US drug maker Merck announced that its experimental drug Molnupiravir could be a viable treatment option for severe Covid-19.
Merck is seeking permission to apply for emergency use authorization for the drug with the United States Food and Drug Administration (FDA).
If approved, the pill would be the first oral drug to treat Covid-19 infections.
Since last year, there have been various drugs considered promising to treat Covid-19. However, several studies — including the WHO’s “Solidarity Trial” in dozens of countries – stated that these drugs have not been shown to provide significant benefits.
According to Professor Tjandra Yoga Aditama, Director of the Postgraduate Program at YARSI University/Professor at the Faculty of Medicine, University of Indonesia (FKUI), the WHO regularly updates its treatment recommendations based on the latest scientific evidence.
The latest WHO treatment guidelines “WHO Therapeutics and COVID-19: living guidelines” was just published on September 24, 2021.
“Providing recommendations (some are conditional and some are strong) on several combinations of neutralizing monoclonal antibodies (namely casirivimab and imdevimab, interleukin 6 receptor blockers (IL-6 receptor blockers), namely tocilizumab or sarilumab and corticosteroids,” said Tjandra in a statement.
“A lot of research has also been done on anti-viral drugs that don’t require injection, in oral form only,” he added.
Tjandra stated that in January 2021 for example, the US Department of Health and Human Services announced an investment of $3 billion to create new Covid-19 drugs, mainly in oral form.
Last Friday, Merck announced the results of their research on their Molnupiravir drug.
Here are the facts about the Molnupiravir pill which is claimed to reduce the risk of severe symptoms of Covid-19.
1. Reducing treatment rates and risk of death
On October 1, 2021 drug makers Merck and Ridgeback announced the results of their experimental drug, Molnupiravir (MK-4482, EIDD-2801).
According to Tjandra, the results of the interim study show that Molnupiravir can reduce the number of hospitalizations by 50 % and also prevent deaths from Covid-19 in patients with mild and moderate cases.
In this study, Molnupiravir was administered to 385 people. Of these, 7.3 % of patients (28) were hospitalized until day 29 of the study.
Meanwhile, 377 patients did not receive Molnupiravir or only received a placebo. Of these, 53 people (14.1 %) were admitted to the hospital, approximately double the number.
“In addition to hospital admission, 8 people who did not receive Molnupiravir died, while none of those who received Molnupiravir died until the 29th day of this study,” said the former WHO Southeast Asia Director and former Director General of P2P & Head of the Health Research and Development Agency (Balitbangkes).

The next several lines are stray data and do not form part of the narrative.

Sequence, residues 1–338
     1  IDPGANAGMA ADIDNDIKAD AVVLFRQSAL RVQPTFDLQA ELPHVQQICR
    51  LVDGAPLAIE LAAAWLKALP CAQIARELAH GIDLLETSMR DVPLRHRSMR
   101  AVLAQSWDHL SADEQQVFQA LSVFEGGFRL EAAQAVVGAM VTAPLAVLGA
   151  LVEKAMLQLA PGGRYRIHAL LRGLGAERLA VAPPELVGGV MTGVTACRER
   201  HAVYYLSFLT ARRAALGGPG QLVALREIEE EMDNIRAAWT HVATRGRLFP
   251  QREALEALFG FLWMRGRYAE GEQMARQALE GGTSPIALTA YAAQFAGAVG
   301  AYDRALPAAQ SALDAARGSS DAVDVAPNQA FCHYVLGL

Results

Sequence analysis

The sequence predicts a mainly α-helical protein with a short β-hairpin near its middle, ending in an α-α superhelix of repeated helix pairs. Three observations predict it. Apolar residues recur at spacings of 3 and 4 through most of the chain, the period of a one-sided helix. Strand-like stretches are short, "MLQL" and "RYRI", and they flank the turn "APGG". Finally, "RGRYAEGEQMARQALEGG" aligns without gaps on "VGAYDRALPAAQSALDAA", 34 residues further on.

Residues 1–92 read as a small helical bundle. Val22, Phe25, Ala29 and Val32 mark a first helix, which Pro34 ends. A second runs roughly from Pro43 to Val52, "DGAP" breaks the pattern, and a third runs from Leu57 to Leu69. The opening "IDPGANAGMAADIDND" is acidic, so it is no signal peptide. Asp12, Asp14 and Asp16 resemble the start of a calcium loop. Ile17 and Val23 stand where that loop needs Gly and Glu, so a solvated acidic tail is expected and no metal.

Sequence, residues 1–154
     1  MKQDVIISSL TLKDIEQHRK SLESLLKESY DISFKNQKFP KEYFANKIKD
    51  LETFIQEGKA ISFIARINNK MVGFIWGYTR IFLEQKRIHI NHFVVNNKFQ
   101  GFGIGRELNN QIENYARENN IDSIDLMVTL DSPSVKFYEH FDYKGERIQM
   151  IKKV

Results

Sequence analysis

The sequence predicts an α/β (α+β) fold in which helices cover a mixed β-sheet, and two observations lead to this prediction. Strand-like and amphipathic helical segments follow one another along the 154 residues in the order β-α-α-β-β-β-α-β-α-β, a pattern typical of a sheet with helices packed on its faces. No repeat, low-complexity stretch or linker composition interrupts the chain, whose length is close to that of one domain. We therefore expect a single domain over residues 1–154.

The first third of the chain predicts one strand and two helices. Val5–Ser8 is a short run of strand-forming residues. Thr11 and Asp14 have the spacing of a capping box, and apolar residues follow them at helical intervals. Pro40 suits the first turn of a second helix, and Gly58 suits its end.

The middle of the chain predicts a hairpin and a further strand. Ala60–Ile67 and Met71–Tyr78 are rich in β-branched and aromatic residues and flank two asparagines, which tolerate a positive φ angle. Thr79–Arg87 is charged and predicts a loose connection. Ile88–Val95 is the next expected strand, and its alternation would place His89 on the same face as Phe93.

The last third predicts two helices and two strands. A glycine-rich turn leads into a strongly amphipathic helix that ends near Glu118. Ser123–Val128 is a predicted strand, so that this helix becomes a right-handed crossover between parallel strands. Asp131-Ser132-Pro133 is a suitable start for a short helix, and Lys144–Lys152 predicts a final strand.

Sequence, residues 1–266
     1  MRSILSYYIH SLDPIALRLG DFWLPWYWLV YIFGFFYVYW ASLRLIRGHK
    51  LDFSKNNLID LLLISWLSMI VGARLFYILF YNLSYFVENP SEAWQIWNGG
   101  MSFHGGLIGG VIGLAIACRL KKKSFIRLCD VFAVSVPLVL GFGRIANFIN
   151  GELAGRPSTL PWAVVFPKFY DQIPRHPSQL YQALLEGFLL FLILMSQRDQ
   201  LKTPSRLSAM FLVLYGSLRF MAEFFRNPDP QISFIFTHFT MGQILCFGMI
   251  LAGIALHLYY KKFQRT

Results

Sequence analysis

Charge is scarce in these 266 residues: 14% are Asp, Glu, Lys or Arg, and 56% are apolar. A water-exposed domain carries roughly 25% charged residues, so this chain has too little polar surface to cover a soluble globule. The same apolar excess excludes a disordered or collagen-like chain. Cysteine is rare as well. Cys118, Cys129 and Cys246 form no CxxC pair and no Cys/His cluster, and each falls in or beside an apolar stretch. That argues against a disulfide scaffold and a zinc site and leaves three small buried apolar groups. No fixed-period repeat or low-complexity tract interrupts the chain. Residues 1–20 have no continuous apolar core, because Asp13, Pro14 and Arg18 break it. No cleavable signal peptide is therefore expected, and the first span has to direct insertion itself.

The study was performed on Covid-19 patients with mild and moderate symptoms, with symptoms lasting for a maximum of five days, previously lasting for up to seven days.
2. Consistent for various Covid-19 variants
Tjandra revealed that the results of this study also showed that the efficacy of Molnupiravir was consistent with the various variants found, namely Gamma, Delta, and Mu, in 40 %of the sample data.
3. Molnupiravir side effects
In general, the side effects were nearly equal between those that took Molnupiravir and a placebo, between 35 % and 40 %. According to Tjandra, Molnupiravir was studied in patients who had at least one disease risk factor, or commonly known as comorbidity.
“The most common are obesity, diabetes mellitus, heart disease and also old age (> 60 years),” said Tjandra.
4. Drug trials halted
In April, clinical trials of the Molnupiravir drug in hospitalized patients were discontinued due to lack of good results.
“Back in April, it was decided that the research would be continued only on those who had not yet been admitted to the hospital, the results of which were only announced on October 1,” said Tjandra.
5. Efforts are being made to obtain an emergency use permit
As reported by Reuters, Merck and partner company, Ridgeback Biotherapeutics, are currently seeking approval from the FDA for emergency use in the United States.
“This will change the conversation about how we control Covid-19,” said Merck CEO Robert Davis.
According to senior researcher at the Johns Hopkins Center for Health Protection, Amesh Adalja, if proven effective, the Molnupiravir pill will change the way the world deals with Covid-19 and also make competition between global pharmaceutical companies even more intense.
“Current treatment is not easy and quite inconvenient in terms of logistics. A drug in the form of a pill will change everything,” said Adalja.